Captured on Sunday between bands of Harvey downpour by an enterprising drone photographer hunkering in Friendswood, the video above includes a quick pan over the Brio Superfund site south of Beamer Rd. near the intersection with Dixie Farm Rd. The former chemical facility, once at the heart of both the long-gone Southbend neighborhood and of the series of lawsuits filed by Southbend residents over contamination-related birth defects and illnesses, makes its cameo around minute 3, as the drone passes over a waterlogged Exxon Mobil station and rotates from south to east down Beamer toward the San Jacinto College South Campus.
Might floodwaters flowing across the Brio site and all those other Superfund spots dotting the local map have stirred up toxin-laced sediments and spread them around? (Texas A&M Galveston scientist Wes Highfield was worried enough about the possibility to attempt a mid-flood outing from his home to try to get some watersamples.) In the video, the Brio site appears to be a little less waterlogged than some of its surroundings — including the adjacent section of Beamer Rd., shown picking up a bit of kayak traffic — but likely got washed over by around42 in. of rain altogether in the past week.
In a follow-up drone run flown on Wednesday, the site (making an appearance about 2-and-a-half minutes in) looks like it might have dried off a bit:
SMELLING BLIND IN THE EAST END A possible cause of the nasty smells that caused East End residents headaches, sore and scratchy throats, and itchy eyes as Hurricane Harvey approached and inundated the area? Houston-area industrial plants in the last week released more than 2.25 million pounds of emissions above legal limits, according to an Environment Texas tally of Texas Commission on Environmental Quality data. The reason: plant shutdowns before the onset of the storm and startups after it left. “So far,” writes Emily Atkin, “TCEQ has not indicated these events have triggered health impacts. . . . TCEQ Media Relations Manager Andrea Miller told me the agency or local emergency officials would contact residents if an immediate health threat were to occur. What’s more, Miller said companies were probably reporting higher emissions that what actually occurred, ‘since underreporting can result in higher penalties.‘ It’s unclear, however, how TCEQ would check many of the companies’ reports, since the agency turned off all its air quality monitors in the Houston area before Harvey hit. Miller confirmed as much on Monday, saying devices were either turned off or removed “to protect against damage or loss of these sensitive and expensive instruments.” [The New Republic] Photo of ExxonMobil Baytown refinery: Louis Vest [license]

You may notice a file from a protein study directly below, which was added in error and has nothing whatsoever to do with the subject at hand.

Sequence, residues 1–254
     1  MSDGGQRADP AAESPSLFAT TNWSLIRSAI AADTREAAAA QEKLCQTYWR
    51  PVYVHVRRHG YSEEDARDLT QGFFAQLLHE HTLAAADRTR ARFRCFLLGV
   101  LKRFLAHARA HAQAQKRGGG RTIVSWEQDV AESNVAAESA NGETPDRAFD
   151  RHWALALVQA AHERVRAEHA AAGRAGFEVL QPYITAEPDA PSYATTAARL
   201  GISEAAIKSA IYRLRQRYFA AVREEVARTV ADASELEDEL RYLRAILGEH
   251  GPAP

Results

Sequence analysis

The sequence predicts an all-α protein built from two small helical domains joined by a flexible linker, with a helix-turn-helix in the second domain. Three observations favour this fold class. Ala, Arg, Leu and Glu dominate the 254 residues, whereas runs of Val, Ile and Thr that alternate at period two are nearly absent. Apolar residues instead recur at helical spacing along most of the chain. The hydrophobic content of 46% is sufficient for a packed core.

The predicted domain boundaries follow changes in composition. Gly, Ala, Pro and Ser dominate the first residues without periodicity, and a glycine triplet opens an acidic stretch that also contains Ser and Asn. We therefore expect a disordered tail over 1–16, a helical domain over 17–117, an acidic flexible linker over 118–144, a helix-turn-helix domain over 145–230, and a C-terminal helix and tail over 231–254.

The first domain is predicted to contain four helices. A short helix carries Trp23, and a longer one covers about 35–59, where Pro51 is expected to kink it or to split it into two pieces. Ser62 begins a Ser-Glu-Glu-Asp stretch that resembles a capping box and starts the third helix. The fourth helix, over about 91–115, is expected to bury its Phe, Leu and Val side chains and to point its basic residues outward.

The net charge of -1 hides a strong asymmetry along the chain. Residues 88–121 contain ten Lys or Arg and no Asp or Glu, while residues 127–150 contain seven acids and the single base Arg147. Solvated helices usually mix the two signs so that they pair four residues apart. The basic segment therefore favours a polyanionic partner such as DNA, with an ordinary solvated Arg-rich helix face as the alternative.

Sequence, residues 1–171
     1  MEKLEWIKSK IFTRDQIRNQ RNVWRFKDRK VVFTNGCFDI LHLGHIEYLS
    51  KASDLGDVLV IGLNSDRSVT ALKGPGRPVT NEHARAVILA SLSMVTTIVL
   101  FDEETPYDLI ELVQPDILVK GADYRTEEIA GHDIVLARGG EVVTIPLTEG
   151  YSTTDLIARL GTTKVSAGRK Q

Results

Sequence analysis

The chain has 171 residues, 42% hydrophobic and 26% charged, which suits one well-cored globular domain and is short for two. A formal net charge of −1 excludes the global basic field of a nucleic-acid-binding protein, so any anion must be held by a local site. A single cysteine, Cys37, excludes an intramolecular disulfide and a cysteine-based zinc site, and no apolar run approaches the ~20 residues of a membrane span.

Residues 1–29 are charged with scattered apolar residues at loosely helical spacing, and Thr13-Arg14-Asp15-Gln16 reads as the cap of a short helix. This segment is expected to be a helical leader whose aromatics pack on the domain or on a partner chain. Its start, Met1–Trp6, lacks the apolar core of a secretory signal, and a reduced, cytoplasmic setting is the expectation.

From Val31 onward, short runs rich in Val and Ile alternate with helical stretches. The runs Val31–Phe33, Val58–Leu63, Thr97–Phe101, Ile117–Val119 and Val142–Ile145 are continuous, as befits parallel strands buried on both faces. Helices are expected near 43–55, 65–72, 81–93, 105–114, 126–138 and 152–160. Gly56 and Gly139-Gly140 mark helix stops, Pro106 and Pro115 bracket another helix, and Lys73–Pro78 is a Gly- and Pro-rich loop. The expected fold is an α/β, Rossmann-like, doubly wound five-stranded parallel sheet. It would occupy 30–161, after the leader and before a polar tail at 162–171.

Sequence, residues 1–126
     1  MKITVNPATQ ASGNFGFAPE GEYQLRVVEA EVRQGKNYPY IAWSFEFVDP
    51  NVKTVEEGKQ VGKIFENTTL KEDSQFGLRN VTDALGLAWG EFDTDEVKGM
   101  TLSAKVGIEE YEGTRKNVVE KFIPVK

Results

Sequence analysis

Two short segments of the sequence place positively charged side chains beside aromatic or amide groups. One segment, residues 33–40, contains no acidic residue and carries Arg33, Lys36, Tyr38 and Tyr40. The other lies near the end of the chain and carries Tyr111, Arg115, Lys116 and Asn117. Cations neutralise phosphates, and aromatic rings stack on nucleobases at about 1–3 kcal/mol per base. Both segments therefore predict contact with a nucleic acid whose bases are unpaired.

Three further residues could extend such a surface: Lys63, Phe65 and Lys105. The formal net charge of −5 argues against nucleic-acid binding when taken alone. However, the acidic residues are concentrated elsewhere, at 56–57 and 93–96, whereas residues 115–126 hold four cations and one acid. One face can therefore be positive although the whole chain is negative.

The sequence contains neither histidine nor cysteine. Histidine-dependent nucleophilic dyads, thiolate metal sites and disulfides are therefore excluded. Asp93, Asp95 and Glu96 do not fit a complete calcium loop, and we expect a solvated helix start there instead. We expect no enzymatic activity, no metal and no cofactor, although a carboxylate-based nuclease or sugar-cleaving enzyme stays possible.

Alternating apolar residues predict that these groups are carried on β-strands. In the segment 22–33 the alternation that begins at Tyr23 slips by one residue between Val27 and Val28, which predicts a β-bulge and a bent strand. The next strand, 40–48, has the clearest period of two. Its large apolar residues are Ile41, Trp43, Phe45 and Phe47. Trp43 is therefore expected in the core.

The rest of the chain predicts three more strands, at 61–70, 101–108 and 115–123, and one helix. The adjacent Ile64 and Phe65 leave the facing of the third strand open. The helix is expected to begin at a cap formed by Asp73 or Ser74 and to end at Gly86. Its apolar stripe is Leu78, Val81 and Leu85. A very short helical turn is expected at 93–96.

A stolen Dodge Durango was the first car pulled out of Brays Bayou earlier this month as Harris County Flood Control and friends resumed work on removing some of the 100-plus sunken vehicles previously discovered gently rusting below the surface of a few of Houston’s major waterways. (The Nissan Maxima above was next in line.) Last year’s test run of the removal setup snagged a total of 20 cars out of Brays and Sims bayous; the contracts signed earlier this year for a new round of vehicle fishing budget for a catch of around 65 vehicles from the 2 bayous, depending on size and how much of a fight each one puts up. (Texas Equusearch did note back in its 2011 survey that at least one big rig is lurking somewhere in the watery depths, and some of the cars are more filled with mud and debris than others.)
The county says the new car count was up to 13 by the time work crews paused last week to let Cindy pass; a county worker also snapped photos showing off some of the haul, which has so far included a range of more and less easily identifiable makes and models including a Nissan Frontier, a Jaguar, a Ford Mustang, a Ford Bronco, an Eagle Talon, and others: